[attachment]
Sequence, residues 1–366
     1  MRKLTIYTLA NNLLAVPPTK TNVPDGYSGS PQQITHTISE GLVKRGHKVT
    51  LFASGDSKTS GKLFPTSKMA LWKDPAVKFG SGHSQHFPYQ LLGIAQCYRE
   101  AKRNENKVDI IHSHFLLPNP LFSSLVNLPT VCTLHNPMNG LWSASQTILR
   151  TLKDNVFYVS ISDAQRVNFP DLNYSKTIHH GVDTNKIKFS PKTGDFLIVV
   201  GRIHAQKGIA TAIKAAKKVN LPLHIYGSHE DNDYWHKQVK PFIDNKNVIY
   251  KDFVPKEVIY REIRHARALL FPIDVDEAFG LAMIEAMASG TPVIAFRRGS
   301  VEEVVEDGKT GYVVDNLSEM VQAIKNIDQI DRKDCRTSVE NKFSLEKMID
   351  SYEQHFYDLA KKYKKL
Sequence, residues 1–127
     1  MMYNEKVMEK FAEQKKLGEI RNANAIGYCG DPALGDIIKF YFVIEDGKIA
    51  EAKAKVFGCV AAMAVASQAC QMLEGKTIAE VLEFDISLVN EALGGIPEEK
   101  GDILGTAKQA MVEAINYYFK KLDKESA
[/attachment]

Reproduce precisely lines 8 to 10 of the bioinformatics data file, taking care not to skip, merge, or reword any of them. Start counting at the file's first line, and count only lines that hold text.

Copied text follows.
   301  VEEVVEDGKT GYVVDNLSEM VQAIKNIDQI DRKDCRTSVE NKFSLEKMID
   351  SYEQHFYDLA KKYKKL
Sequence, residues 1–127